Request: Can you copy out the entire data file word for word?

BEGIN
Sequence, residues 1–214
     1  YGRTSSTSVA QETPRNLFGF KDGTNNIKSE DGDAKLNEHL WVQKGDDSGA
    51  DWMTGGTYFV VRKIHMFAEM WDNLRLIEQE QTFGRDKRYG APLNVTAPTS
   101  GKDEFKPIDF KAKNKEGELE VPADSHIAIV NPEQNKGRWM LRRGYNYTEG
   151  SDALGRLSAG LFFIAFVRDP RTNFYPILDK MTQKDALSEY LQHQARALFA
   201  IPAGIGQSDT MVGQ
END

Sequence, residues 1–214
     1  YGRTSSTSVA QETPRNLFGF KDGTNNIKSE DGDAKLNEHL WVQKGDDSGA
    51  DWMTGGTYFV VRKIHMFAEM WDNLRLIEQE QTFGRDKRYG APLNVTAPTS
   101  GKDEFKPIDF KAKNKEGELE VPADSHIAIV NPEQNKGRWM LRRGYNYTEG
   151  SDALGRLSAG LFFIAFVRDP RTNFYPILDK MTQKDALSEY LQHQARALFA
   201  IPAGIGQSDT MVGQ